Assemblyman Gordon Johnson’s bid for State Senate got a boost from some of the state’s most prominent Democrats Sunday.
Johnson is locked in a tight primary against longtime running mate Assemblywoman Valerie Vainieri Huttle, who is challenging the fellow incumbent to succeed Senate Majority Leader Loretta Weinberg, who is not seeking re-election this year.
A spate of prominent Democratic officials rallied for Johnson Sunday, including Weinberg, Murphy and Englewood Mayor Michael Wildes, a Democrat known for his proclivity for retail campaigning.
Reps. Josh Gottheimer (D-Wyckoff) and Bill Pascrell (D-Paterson) were there too, as were Bergen County Democratic Chairman Paul Juliano and Lt. Gov. Sheila Oliver.
The assemblyman and his running mates, former Tenafly Councilwoman Shama Haider and former Englewood Cliffs Councilwoman Ellen Park, are making their bids for state office on the Bergen County Democratic line, while Huttle, Teaneck Councilwoman Gervonn Romney Rice and Tenafly Councilwoman Lauren Kohn Dayton are running as outsiders.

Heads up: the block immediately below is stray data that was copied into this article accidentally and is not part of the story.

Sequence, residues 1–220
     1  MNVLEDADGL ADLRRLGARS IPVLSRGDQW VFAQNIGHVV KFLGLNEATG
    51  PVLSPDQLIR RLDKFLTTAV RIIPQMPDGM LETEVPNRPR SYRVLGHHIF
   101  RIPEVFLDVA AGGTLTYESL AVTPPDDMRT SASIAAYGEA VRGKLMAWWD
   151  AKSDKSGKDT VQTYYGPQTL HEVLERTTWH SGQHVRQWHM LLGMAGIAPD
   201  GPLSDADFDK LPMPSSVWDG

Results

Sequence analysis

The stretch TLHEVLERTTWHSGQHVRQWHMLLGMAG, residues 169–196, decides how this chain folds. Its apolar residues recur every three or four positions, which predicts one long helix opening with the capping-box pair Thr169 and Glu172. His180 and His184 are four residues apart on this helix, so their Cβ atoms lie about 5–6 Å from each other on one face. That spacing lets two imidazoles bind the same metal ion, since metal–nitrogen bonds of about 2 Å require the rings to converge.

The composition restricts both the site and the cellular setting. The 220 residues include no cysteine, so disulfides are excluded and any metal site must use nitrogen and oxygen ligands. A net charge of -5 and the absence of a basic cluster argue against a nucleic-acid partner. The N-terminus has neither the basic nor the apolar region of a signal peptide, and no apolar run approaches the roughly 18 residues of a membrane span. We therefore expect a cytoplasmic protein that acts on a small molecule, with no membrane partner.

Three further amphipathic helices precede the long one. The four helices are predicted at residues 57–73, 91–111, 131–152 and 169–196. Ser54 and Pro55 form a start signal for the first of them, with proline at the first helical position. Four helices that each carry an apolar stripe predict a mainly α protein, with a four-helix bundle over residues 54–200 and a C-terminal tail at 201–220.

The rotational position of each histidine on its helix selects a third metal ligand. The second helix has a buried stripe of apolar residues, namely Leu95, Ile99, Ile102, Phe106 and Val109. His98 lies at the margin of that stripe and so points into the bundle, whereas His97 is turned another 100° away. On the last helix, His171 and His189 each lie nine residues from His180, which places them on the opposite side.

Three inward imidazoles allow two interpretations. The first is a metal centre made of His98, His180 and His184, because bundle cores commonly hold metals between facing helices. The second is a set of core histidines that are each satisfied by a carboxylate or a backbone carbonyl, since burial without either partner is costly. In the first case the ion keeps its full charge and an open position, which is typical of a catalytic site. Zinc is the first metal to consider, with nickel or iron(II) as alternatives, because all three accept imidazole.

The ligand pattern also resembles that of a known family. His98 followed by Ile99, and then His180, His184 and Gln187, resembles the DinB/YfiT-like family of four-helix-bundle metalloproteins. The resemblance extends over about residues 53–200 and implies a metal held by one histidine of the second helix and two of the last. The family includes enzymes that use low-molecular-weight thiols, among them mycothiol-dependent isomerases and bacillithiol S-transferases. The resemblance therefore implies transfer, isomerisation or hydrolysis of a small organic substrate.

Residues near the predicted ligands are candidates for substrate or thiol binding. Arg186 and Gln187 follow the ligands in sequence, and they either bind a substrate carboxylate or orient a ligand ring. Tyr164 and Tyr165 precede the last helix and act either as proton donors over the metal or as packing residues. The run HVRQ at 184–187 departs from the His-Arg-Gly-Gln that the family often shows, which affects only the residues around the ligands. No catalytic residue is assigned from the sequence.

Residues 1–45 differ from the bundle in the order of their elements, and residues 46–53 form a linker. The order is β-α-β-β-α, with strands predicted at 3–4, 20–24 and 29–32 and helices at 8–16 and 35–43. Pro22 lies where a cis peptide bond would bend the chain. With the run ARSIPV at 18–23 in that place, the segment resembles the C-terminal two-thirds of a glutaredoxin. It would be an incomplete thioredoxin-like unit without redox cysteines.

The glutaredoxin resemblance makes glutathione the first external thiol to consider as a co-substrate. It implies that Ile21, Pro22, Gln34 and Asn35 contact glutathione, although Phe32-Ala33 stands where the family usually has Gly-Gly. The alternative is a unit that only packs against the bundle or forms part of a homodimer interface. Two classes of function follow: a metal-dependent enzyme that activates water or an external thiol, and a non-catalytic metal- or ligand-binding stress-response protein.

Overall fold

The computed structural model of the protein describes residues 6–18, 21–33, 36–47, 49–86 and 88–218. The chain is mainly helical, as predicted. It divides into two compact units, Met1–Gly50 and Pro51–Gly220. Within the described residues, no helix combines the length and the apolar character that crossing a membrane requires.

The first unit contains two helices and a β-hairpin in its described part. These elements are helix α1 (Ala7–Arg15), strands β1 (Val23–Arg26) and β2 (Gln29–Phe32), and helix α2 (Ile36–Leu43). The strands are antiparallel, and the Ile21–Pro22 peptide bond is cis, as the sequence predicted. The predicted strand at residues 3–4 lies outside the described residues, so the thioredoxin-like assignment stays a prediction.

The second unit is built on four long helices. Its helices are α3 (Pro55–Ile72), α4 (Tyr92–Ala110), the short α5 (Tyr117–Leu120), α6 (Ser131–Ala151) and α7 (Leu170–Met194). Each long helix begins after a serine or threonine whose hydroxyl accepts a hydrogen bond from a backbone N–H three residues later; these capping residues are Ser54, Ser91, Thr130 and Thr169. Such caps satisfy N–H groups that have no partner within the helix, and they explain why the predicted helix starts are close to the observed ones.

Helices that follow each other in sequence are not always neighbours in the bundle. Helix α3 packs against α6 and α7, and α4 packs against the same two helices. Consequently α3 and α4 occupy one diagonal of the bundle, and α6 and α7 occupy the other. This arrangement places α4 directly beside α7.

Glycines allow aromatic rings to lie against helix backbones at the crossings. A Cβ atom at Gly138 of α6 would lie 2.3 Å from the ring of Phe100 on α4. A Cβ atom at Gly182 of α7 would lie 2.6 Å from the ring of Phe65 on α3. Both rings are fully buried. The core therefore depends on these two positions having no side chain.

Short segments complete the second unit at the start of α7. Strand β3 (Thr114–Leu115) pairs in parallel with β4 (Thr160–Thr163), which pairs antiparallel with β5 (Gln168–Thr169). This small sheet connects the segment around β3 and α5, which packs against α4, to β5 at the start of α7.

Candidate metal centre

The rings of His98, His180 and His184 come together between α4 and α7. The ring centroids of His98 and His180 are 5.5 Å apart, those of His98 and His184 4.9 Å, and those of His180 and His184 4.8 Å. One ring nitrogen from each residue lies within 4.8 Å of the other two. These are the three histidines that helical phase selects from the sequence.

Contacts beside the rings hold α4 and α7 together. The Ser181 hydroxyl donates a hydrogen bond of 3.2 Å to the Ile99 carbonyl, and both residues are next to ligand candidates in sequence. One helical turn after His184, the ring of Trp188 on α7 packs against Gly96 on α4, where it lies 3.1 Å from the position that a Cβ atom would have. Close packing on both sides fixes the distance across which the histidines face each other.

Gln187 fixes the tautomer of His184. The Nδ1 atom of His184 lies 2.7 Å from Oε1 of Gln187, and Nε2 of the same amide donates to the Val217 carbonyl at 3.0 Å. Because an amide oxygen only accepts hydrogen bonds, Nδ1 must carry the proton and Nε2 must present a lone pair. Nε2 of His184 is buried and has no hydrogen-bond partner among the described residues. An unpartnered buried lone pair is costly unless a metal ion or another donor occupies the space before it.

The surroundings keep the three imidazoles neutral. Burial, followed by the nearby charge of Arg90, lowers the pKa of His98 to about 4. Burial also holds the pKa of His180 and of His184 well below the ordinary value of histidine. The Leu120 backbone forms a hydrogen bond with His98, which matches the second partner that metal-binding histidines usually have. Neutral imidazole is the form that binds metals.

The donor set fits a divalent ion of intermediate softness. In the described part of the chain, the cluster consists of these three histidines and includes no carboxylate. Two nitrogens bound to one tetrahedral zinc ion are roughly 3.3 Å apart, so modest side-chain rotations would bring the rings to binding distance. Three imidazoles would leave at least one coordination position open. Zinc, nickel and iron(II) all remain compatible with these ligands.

The competing slate isn’t without its own advantages. They were better funded through May 7, and they have a spate of unions helping to knock doors in the waning days of the primary. As an incumbent, Huttle also has name recognition unavailable to most progressive challengers.
Johnson, however, is getting a boost from outside groups with ties to Operating Engineers Local 825 and South Jersey powerbroker George Norcross.
Those groups have not filed disclosures with the New Jersey Election Law Enforcement commission, so it’s unclear how much they’ve put behind Johnson’s bid, though they’re not short of resources.
Either way, Johnson feels good about his chances.
“It’s hard not to feel great, with the enthusiasm and support we are receiving across the district and throughout the state but we are not taking a single thing for granted,” he said. “With just two days left, we are keeping our heads down and trying to finish this campaign the way we began it — in the community, speaking with the people, and fighting for every last vote.”
The winner of Tuesday’s primary is all but assured to win election in the heavily-Democratic district in November.